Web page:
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Asynchronous development or autism?? I just want him to stop biting the crap out of me!!!!

(7 Posts)
JoRichardson35 Wed 08-Mar-17 10:10:19

Hi all,
My 23 month old BB has some issues. He's highly sensitive and hasn't said a single word. Nothing. Nada. No mum or dad or anything. He can't handle interaction with people or other children and often closes his eyes or covers his ears or hides when we are in a group. Alternatively he goes into Fight mode and attacks me like a feral ferret - biting my face & head, clawing at my face and throat and hitting me until I remove him from the situation to a quiet area where it doesn't take long to calm him down.
He used to enjoy playing with his grandparents, and now he can't have them even look at him. When they try to interact with him, I get attacked yet again.
However, he is crazy smart - his problem solving and puzzle solving is out of this world.
With me, when we are on our own - he interacts with me, he gestures for communication, he comes for cuddles. He just won't acknowledge anyone else, unless they are the primary caregiver.

I have been doing loads and loads of research and have come up with the following;
OE (over excitability - aka high sensitivity)
Asynchronous Development
Autism

The health visitor and speech therapist assistants think it is autism or a development disorder.
I'm leaning more towards the asynchronous development and OE.

I'm desperately looking for other parents and kids who are going through this to try and get some interaction with like minded kids for Peter and mutual support with parents.

I'm in Southend in Essex, does anyone know of any suitable group or any mums who want to meet up and try to get our kids to interact with like minded others?

Feel like I'm stumbling through the dark with this most of the time

MiniDoofa Wed 08-Mar-17 10:23:54

Hi so sorry you're struggling this must be really hard. I don't have personal experience but have just read an excellent book called George and Sam by Charlotte Moore which I highly recommend. Charlotte has three sons, two of whom are autistic and whilst I'm not suggesting a diagnosis for your son, I think there would be some parallels. For example Charlotte says that if she had to do it all again she would push for an early diagnosis in order to start therapies as soon as possible.
It's a very easy to read book. I hope someone will be along soon with some practical advice for you. Hugs for you.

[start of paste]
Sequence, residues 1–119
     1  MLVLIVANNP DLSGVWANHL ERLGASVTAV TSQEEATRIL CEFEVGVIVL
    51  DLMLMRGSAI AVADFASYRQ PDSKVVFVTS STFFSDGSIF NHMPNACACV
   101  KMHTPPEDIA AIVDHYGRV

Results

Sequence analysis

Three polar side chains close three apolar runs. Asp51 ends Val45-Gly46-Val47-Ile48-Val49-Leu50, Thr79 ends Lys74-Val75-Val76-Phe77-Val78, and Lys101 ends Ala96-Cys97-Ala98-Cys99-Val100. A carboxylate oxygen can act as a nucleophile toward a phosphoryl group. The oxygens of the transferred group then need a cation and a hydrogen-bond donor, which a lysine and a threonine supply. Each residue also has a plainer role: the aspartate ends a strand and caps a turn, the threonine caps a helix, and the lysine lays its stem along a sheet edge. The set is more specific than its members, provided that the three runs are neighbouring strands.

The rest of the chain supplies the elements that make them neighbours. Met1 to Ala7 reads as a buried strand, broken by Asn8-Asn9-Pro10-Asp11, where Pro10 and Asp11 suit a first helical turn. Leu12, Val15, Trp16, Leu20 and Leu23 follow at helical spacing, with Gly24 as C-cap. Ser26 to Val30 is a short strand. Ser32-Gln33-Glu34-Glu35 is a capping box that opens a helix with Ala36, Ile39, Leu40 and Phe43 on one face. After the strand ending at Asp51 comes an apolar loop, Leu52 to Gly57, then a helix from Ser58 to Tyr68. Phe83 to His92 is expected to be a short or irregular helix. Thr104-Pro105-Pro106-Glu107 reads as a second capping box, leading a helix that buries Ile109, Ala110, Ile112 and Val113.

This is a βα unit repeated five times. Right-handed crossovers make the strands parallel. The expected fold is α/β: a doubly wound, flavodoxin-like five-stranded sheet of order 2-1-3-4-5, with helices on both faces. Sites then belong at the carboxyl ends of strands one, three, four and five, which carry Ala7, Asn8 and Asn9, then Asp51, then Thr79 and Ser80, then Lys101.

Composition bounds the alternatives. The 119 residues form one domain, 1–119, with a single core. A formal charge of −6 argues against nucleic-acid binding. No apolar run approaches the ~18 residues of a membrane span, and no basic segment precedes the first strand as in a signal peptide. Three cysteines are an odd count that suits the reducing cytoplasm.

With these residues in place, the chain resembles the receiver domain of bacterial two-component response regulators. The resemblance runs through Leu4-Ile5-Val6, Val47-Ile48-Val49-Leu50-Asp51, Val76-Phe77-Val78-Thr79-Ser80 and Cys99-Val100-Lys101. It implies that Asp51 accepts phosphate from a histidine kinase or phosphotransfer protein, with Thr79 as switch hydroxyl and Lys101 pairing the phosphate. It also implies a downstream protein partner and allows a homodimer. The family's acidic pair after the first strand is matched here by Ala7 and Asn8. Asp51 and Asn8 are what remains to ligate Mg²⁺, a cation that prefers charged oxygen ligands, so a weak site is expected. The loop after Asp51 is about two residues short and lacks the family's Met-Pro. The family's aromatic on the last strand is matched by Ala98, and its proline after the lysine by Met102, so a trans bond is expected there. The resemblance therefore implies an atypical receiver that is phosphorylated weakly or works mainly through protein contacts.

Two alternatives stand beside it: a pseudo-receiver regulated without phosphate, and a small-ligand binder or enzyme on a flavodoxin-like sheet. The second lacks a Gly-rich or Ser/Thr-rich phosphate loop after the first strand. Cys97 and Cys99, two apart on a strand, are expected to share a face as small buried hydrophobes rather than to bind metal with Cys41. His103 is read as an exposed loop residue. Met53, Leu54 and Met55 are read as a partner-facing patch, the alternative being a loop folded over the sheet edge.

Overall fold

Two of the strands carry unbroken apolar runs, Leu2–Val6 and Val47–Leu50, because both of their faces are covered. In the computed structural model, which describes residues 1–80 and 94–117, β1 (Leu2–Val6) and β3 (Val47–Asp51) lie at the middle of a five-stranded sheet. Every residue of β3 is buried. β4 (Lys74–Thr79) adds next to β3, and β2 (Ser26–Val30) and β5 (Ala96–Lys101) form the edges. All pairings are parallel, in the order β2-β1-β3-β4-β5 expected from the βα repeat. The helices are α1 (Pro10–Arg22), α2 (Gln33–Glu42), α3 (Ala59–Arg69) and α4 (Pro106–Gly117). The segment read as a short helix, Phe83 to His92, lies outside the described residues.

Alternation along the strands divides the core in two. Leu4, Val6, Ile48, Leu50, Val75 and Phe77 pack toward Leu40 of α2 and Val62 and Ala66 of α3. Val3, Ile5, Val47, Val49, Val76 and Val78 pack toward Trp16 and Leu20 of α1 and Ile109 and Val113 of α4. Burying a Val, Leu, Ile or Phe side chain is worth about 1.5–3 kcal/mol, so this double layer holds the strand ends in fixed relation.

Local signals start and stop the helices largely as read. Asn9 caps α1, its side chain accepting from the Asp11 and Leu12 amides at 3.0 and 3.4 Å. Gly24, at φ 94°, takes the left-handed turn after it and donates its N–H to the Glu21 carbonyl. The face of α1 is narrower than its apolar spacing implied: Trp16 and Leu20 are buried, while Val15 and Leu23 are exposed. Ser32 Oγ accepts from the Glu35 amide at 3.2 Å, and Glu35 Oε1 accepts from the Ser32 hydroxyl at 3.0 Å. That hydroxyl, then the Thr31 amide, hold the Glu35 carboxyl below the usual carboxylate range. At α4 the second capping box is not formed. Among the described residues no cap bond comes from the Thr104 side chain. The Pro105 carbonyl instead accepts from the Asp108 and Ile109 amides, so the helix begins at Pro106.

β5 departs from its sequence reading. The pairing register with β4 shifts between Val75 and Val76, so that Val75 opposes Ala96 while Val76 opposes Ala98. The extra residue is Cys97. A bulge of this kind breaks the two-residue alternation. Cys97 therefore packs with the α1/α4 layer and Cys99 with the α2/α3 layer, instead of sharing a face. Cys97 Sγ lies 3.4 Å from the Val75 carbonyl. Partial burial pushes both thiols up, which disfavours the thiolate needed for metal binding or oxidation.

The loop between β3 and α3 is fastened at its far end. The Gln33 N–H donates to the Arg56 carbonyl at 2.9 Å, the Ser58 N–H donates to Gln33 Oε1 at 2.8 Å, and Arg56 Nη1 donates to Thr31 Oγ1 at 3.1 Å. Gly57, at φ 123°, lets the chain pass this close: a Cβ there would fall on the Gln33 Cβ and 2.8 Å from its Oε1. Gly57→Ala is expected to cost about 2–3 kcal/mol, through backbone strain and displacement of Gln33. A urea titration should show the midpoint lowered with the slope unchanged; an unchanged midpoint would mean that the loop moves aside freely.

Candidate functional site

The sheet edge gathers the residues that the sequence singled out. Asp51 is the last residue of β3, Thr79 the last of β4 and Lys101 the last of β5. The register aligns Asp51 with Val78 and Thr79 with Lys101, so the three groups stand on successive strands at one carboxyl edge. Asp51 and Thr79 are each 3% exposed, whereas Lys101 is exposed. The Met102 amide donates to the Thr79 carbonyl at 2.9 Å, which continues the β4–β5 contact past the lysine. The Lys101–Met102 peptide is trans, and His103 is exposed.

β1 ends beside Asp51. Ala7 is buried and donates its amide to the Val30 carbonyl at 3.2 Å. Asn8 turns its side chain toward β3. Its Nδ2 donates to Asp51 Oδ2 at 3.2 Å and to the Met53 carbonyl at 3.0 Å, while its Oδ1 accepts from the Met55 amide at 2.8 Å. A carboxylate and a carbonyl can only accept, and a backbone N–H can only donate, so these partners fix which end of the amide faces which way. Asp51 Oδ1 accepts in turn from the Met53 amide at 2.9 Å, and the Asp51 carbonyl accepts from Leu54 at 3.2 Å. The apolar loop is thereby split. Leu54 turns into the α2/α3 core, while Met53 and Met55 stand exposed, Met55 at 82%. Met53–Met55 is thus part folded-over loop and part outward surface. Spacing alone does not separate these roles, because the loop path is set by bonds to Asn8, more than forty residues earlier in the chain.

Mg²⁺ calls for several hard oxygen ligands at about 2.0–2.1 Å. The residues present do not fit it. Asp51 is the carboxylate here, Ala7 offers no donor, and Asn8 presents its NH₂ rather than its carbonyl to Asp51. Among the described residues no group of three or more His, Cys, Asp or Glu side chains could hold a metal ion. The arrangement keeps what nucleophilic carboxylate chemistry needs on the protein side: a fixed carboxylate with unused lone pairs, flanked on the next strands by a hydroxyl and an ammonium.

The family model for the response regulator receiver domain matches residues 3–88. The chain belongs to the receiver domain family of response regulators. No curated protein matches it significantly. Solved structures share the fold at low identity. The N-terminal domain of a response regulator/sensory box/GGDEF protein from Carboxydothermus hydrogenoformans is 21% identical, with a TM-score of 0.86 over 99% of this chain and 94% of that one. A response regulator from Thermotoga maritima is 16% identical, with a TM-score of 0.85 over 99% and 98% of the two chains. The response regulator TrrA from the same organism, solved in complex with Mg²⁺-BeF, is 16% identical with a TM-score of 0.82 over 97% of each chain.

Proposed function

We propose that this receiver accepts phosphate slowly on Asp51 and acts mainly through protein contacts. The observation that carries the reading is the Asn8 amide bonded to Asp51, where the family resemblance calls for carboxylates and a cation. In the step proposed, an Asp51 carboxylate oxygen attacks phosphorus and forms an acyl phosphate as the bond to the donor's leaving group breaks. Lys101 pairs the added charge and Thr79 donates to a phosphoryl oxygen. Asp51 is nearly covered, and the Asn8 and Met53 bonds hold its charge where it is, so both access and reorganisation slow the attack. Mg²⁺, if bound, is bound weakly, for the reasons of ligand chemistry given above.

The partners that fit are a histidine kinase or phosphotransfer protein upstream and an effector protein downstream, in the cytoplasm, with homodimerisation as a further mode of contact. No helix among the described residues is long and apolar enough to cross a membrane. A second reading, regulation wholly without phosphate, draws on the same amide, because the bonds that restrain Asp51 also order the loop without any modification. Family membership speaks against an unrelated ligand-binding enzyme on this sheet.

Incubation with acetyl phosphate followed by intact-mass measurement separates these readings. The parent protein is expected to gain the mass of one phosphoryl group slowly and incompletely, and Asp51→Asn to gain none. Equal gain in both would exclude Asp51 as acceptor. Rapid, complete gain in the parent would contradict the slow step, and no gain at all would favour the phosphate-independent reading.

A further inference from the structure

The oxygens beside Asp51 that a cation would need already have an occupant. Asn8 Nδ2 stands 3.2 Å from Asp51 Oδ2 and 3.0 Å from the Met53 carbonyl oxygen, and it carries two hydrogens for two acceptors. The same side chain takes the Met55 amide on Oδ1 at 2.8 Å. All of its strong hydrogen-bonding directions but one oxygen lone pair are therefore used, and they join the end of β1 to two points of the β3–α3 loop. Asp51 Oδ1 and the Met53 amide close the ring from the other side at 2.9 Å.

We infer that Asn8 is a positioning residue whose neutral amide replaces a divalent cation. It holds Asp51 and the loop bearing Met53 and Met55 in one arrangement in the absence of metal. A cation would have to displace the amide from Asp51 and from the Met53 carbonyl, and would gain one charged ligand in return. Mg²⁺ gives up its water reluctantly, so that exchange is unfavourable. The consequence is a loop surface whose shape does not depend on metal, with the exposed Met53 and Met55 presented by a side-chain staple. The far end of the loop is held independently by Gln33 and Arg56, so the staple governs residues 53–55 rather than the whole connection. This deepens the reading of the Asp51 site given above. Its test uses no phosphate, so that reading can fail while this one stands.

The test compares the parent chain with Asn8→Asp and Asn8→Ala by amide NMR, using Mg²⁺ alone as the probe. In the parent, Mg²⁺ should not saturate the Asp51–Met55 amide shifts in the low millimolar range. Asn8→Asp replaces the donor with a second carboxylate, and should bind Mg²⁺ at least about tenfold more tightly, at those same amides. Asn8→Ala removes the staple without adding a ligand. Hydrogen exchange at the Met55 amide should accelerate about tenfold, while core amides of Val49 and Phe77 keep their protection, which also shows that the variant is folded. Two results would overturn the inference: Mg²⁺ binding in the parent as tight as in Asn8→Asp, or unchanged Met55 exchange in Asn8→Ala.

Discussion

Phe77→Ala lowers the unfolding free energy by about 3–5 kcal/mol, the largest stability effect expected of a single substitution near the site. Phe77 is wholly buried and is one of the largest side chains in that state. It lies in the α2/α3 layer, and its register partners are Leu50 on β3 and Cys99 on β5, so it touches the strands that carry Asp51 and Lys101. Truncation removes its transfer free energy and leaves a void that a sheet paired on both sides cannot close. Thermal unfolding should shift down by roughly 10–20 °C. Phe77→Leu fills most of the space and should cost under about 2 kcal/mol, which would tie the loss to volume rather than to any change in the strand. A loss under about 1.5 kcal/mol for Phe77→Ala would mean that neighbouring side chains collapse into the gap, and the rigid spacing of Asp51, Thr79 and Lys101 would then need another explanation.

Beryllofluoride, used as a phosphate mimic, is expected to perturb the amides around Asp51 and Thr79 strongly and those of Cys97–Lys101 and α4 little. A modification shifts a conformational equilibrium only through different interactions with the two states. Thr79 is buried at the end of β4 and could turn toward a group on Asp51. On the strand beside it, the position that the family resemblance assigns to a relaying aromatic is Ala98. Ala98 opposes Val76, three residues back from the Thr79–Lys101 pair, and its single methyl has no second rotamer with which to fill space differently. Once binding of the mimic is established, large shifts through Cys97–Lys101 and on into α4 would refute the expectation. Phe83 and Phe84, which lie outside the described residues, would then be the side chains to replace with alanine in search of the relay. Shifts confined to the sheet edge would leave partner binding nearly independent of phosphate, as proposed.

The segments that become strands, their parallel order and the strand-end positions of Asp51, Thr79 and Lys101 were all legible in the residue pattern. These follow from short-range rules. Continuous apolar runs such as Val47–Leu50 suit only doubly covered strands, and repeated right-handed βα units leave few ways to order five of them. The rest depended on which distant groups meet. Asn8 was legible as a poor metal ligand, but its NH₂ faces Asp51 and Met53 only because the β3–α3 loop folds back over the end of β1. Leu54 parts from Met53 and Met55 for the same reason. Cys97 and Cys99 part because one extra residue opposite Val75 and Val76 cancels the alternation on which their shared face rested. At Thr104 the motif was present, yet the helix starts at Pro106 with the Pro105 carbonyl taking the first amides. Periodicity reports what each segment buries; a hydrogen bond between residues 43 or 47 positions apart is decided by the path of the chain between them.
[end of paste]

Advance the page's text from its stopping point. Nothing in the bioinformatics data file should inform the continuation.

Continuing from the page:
minipie Thu 09-Mar-17 18:40:45

Hi Jo, sorry I don't know myself but would suggest you press "report" (top right corner of your post) and ask MNHQ to move it to SN chat or SN Children as you will probably get more replies?

Kleinzeit Thu 09-Mar-17 21:45:47

To be honest it probably doesn't make such a big difference exactly which diagnosis he gets as you will probably find you are using very similar approaches and therapies anyway. Children with autism diagnoses vary a lot and many have sensory and over/under sensitivity issues; many also have very uneven development with small islands of advanced development while other areas lag far behind. Diagnoses can change as children grow and develop. I would even go for the general autism angle just because it is covers a very broad range of abilities and problems and because there is more support for autism-spectrum conditions than if you get a more specific but more limited diagnosis which may change anyway in a few years time.

The most practical advice I was given for my DS was this: "If he usually copes in a situation then keep him in it so he can learn from his success. If he never copes then either change the situation so he can cope or else take him out of it altogether." Can your DS cope with social situations where there is just one other (quiet) person, or does that person have to be you? It sounds as if the biting is a stress response so for the time being I would avoid putting him in social situations until you have a clearer idea of what's specifically upsetting him - is it noise so he needs ear defenders, is it faces, is it fear of being touched, is it inability to communicate or understand? When you know you may be able to make it easier for him. He may also cope better when he is older and social situations are more predictable, or perhaps when he's had more therapy to help him communicate.

And you could try contacting the National Autistic Society to see if there are any support groups in your area.

flowers

LouKout Thu 09-Mar-17 21:49:33

Sorry but it doesnt sound like asynchronous development to me, because the behaviours he exhibits are abnormal rather than younger.

Dont be scared of autism, kids come on so much as they grow up and if it is that youve caught it early enough to provide great intervention

LouKout Thu 09-Mar-17 21:50:42

Sorry..dont like word abnormal. Not typical maybe

Kleinzeit Thu 09-Mar-17 22:13:30

PS I think you have put your DS's name in your posting. You can report your own post and ask for his name to be removed.

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